Anyone who listened to the hon. Member for Mid-Ulster (Miss Devlin) will realise that a minority there feel strongly about the constitutional position and make no bones of the fact that they want to see a unified republic. They are not likely to support any defence force, whether it be called the "Northern Ireland Defence Force" or the "Ulster Defence Force". The name is irrelevant. What matters is the purpose for which the force has been brought into being.

The hon. and learned Member is wrong in calling it a para-military force. The Minister has made it clear that it is a military force. It is not to be used for a civil rôle, but purely as a reserve force to protect Northern Ireland's borders.

Mr. Roy Roebuck (Harrow, East)

The hon. Gentleman was talking about constitutional means. As an Englishman, when I hear the name "Ulster" together with defence I think of the unconstitutional activities of Carson and "Gallaper" Smith. Does the hon. Gentleman really maintain that Ulster is the constitutional name for Northern Ireland?

Mr. McMaster

That contribution does not affect my argument. There is a minority in Northern Ireland who support nationalist and republican candidates. They number perhaps 100,000 out of a Roman Catholic population of between 500,000 and 600,000. This small, militant, republican minority will not support any force, no matter what name it has.

I want to refer to some of the things the hon. Member for Mid-Ulster said. I am sorry to see that she is leaving the Chamber. She has now sat down again, I am glad to see. I should like to put on record that I and my colleagues do not accept anything that she has said in her wilder allegations about the Ulster Special Constabulary. [Interruption.] If the hon. Member for Liverpool, Walton (Mr. Heffer) wants to interrupt, perhaps he would do it standing and not from a sedentary position.

Mr. Eric S. Heffer (Liverpool, Walton)

The hon. Gentleman and his hon. Friends from Northern Ireland all make reference to the fact that they are not interested in what the hon. Member for Mid-Ulster (Miss Devlin) says, claiming that she is irresponsible, and so forth. Yet they make whole speeches attacking her. If they are not bothered by her, why do they keep attacking her?

Mr. McMaster

If the hon. Gentleman will reserve his remarks to the end rather than the beginning of my speech, he will see how irrelevant they are.

I repeat what I said in an intervention in the hon. Lady's speech. I hope that all reasonable and sensible Roman Catholics will come forward and make this force work. As my hon. Friend the Member for Ormskirk (Sir D. Glover) said, we must look to the future in Northern Ireland. As my hon. Friend the Member for Belfast, North (Mr. Stratton Mills) said, this debate about a name is nothing more than a quibble.

I am sorry that the hon. Lady cannot stay with us. We have seen in her speech and in the speech of the hon. Member for Belfast, West (Mr. Fitt)—[HON. MEMBERS: "He has not spoken yet."]—that there is in Northern Ireland a minority not prepared to accept the Constitution. These republicans are outlawed both in the North and the South, and they have created untold misery for thousands of their fellow citizens, both Protestant and Catholic, in Northern Ireland. I have seen this in my constituency during the past six months.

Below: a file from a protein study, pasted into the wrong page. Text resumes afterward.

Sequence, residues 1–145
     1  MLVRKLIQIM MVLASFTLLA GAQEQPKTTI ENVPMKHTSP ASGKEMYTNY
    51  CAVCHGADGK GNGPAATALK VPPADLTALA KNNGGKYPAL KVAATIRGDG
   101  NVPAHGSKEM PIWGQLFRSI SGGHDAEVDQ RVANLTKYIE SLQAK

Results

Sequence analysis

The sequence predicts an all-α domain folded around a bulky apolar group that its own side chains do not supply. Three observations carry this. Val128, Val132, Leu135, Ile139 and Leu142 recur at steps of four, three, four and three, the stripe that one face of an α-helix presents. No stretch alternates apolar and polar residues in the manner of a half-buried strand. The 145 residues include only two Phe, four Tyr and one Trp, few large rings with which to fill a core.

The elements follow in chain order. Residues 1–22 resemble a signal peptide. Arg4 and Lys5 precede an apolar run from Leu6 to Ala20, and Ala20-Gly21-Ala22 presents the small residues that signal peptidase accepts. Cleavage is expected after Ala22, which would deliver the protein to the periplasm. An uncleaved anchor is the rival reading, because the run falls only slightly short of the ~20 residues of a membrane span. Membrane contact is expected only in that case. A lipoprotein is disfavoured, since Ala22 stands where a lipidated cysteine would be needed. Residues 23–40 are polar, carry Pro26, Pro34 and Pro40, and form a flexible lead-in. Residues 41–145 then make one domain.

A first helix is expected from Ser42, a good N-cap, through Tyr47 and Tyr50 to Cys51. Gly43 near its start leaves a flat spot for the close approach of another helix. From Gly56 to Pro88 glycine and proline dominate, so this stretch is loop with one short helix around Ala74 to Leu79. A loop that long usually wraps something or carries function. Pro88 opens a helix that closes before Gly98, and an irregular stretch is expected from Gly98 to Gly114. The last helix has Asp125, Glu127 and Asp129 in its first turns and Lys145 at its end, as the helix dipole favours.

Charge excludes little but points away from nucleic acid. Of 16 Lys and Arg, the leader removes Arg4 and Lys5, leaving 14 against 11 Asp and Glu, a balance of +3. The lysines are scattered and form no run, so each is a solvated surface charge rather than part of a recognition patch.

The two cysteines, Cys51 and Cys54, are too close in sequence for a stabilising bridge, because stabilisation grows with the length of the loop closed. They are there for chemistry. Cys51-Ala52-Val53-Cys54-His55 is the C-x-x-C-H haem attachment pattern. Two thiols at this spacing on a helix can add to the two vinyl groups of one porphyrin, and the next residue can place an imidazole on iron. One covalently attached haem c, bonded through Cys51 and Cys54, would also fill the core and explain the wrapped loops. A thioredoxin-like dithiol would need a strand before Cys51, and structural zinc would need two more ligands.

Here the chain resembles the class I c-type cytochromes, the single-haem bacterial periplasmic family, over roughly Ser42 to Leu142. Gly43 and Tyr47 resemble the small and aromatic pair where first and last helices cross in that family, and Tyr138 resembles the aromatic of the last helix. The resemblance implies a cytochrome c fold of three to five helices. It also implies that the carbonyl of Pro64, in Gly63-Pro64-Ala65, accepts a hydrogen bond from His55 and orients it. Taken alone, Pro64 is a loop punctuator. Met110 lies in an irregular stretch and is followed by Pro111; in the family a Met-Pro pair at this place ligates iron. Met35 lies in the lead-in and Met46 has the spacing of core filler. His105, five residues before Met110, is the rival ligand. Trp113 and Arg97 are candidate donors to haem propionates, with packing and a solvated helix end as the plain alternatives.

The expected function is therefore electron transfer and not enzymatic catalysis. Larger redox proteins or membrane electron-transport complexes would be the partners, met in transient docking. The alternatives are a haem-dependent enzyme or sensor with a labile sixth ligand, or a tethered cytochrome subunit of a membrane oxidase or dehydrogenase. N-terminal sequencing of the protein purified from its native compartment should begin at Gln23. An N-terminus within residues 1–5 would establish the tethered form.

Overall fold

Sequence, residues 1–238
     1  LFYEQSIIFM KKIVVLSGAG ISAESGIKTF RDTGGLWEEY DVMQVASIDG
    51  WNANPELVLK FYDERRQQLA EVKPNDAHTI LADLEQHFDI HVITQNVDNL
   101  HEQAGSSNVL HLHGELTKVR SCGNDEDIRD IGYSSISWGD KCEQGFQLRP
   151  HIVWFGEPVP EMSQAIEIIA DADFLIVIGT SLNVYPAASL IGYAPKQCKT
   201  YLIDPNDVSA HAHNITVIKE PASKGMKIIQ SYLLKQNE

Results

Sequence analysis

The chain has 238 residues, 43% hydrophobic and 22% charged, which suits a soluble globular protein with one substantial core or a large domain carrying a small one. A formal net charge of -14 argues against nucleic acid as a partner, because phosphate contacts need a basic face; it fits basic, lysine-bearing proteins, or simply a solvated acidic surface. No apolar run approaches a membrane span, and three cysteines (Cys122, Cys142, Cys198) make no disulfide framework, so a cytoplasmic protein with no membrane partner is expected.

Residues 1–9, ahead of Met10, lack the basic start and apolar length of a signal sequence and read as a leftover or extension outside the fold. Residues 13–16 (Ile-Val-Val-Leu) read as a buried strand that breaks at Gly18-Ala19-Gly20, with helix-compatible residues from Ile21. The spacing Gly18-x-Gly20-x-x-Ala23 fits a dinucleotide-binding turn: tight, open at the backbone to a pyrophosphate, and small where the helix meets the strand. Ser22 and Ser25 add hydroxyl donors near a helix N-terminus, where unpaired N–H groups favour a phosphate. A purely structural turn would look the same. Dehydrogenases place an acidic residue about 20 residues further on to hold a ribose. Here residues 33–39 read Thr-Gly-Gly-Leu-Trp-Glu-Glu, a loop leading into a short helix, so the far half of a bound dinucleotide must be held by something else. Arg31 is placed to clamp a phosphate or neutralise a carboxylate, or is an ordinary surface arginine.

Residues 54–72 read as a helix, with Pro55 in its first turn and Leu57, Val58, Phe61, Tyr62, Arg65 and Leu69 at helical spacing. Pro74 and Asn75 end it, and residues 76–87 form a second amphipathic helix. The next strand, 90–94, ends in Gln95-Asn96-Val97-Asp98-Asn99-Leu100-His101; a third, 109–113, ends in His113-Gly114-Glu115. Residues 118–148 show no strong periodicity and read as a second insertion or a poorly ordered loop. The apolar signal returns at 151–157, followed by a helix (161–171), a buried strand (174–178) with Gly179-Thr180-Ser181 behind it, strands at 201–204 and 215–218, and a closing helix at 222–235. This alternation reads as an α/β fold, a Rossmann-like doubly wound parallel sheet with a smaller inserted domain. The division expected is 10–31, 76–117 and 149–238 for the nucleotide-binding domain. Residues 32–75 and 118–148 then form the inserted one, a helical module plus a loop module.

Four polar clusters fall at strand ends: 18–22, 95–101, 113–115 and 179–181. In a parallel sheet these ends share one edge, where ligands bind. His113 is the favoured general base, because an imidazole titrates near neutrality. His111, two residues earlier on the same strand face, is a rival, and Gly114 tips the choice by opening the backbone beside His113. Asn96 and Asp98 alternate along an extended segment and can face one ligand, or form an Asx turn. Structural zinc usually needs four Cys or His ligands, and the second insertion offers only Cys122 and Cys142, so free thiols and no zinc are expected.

8.15 p.m.

The Deputy Chairman

Order. We are not at this juncture refighting the battles of Belfast, but are dealing with the Amendment.

Mr. McMaster

I shall leave that point. I was merely answering something which had been raised by the hon. Lady.

The situation has left in Northern Ireland a legacy of bitterness which we have to live down there. We in Northern Ireland accept this new body under its new name and want to make a success of it so that we can look forward to a more settled and peaceful future. I hope that the regiment will never be called upon to defend Ulster's borders against an armed attack across those borders, either by the I.R.A. or any other force.

Mr. Michael Foot (Ebbw Vale)

It has been argued by some hon. Members that this Amendment is subsidiary and one on which we should spend little time because we have more important arguments to come to later. I am not denying that there are important arguments that we shall come to later in the evening, but I believe that they could be affected by the Government's attitude to this Amendment. Indeed, we have our procedures and order matters in this style so that we have an opportunity in our debates for the Government to make a response to appeals made from this side of the House, or from opposite, and, if the Government wish, at all times it is within their power to expedite the business of the Committee by accepting or showing good will towards particular Amendments.

We have had three or four powerful speeches on the Amendment. Anyone who heard the hon. Member for Mid-Ulster (Miss Devlin) would agree that hers was a formidable speech with a considerable amount of evidence in it. The only mistake she made was in her misapprehension about the way we conduct our affairs inside the Labour Party, but we shall be able to enlighten her on that when we come to the conclusion of the debate. But that is my only quarrel with her; she made a most powerful speech.

Also, no one on this side will deny that my hon. and learned Friend the Member for Derby, North (Mr. MacDermot) made another. My hon. and learned Friend the Member for Aberdeen, North (Mr. Hector Hughes) also spoke with special knowledge. For the moment, for reasons of delicacy, I will not refer to what has been said by hon. Members opposite, but I repeat that no one can deny that, on this side, there have been powerful arguments for the Amendment.